Over the last few years, severe weather events have become more common and damaging than ever, costing the nation millions of dollars in damages. As weather threats increase, protecting your possessions should be a priority; this includes your vehicle(s). Since vehicles are typically parked out in the elements, they are directly exposed to any type of weather that strikes them. Though vehicles are durable, they cannot withstand severe weather as much as your home—making them vulnerable to damage.
In 2017, hundreds of thousands of vehicles were damaged and written off as total losses from hurricanes alone.
Depending on which part of the country you live in, your vehicle may be more susceptible to certain weather occurrences than others. Being proactive and ensuring that your vehicle is protected against severe weather will ease the burden from out-of-pocket expenses or a total loss on your vehicle(s).
It's a common misconception that homeowners insurance will cover a car parked in a garage or driveway. To be clear, In the event of a garage flooding or a home collapsing due to severe weather, a vehicle is not protected under your homeowners insurance policy.
The smartest way to protect your vehicle is through comprehensive coverage. Comprehensive auto insurance will help to replace or repair your vehicle in the event that it's damaged by something other than a vehicular accident. There is a wide range of items covered, but when it comes to weather-related damage, coverage will typically include windshield replacement, hail damage, fire damage, flooding, and even damage from fallen trees. If you're financing or leasing your car, it's likely your lender requires comprehensive coverage. However, if you fully own your vehicle, comprehensive coverage is optional.
No matter the stage of ownership you're in with your vehicle, comprehensive coverage is vital to ensuring your expenses and vehicle's value are protected from extreme weather. If you find yourself in a position without comprehensive coverage and a weather threat, such as a hurricane has been forecast, it's likely too late for you to opt-in for coverage. Insurance companies restrict the purchase of comprehensive once a weather threat is predicted. This restriction is to prevent fraudulent claims by people who want to pay for the coverage for just a few days in the event of emergency versus always carrying it just in case. This type of last-minute planning could leave you paying for expensive damages or losing all value on your vehicle.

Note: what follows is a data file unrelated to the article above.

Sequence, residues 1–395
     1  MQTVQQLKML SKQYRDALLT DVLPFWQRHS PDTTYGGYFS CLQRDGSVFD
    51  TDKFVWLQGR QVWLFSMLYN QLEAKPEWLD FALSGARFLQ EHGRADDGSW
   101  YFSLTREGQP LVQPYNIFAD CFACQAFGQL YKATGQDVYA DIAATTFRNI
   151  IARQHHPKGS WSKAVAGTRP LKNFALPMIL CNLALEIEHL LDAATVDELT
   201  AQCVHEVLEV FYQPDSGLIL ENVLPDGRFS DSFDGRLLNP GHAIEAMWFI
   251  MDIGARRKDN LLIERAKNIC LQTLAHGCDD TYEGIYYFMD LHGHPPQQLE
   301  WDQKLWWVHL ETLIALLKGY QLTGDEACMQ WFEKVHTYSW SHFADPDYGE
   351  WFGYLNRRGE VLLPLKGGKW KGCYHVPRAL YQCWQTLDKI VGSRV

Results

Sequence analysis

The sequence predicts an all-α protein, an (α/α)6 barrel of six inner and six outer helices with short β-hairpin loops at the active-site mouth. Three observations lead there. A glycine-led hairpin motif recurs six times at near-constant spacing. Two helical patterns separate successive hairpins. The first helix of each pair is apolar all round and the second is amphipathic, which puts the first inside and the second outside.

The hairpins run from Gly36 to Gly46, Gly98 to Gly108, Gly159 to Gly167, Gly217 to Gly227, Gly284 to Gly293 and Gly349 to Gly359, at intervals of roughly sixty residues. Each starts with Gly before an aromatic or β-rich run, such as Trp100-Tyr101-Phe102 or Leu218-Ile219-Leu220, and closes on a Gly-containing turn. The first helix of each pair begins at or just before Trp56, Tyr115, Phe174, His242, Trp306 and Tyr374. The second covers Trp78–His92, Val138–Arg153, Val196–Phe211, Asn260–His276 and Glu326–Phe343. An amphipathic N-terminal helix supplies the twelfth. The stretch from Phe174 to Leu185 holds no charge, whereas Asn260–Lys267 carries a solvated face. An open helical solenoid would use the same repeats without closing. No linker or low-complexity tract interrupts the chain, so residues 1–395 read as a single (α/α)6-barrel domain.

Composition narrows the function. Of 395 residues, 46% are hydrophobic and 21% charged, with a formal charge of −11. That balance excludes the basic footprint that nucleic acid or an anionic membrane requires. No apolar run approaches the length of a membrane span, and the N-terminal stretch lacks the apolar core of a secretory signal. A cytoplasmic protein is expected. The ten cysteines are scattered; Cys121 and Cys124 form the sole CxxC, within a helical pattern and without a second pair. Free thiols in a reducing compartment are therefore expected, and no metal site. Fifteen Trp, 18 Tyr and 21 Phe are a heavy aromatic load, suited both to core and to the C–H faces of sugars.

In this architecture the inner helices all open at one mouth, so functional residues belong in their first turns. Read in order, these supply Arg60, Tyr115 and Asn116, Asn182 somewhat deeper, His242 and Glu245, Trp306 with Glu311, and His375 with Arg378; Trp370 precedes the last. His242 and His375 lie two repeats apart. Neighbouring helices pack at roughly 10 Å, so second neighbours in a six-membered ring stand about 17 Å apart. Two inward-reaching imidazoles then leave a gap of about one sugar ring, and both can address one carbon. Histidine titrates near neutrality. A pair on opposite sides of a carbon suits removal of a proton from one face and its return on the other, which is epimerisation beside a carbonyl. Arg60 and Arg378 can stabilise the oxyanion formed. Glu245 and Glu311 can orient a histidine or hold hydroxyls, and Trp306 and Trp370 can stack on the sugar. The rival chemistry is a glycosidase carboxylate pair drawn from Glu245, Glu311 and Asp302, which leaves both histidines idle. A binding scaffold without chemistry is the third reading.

If you find yourself with weather-related damages, filing a comprehensive claim could potentially devalue your vehicle if you plan to sell it. In cases of severe weather, there's no sure proof way to protect your vehicle in a severe storm. However, there are a few basic precautions you can take to minimize potential damage:
Move your vehicle into your garage or under a carport if you have one.
Avoid parking under trees or near bushes. Should limbs fall during storms, they might fall on and damage the car.
Consider investing in a weather-resistant vehicle cover. This device might help protect the vehicle from falling objects or hail damage.
Ensure you roll up your vehicle's windows and close sunroofs. You don't want rain or other debris damaging the interior. Many people forget to check their windows, and the damage might prove costly.
If flooding is a risk, consider moving your vehicle to higher ground, if it's a viable option.
Regardless of what you do, remember that your own life is a lot more important than your car's—and you shouldn't do anything to protect your car or your other property that puts your life in danger. Give yourself peace of mind, and prepare with the right coverage ahead of time.
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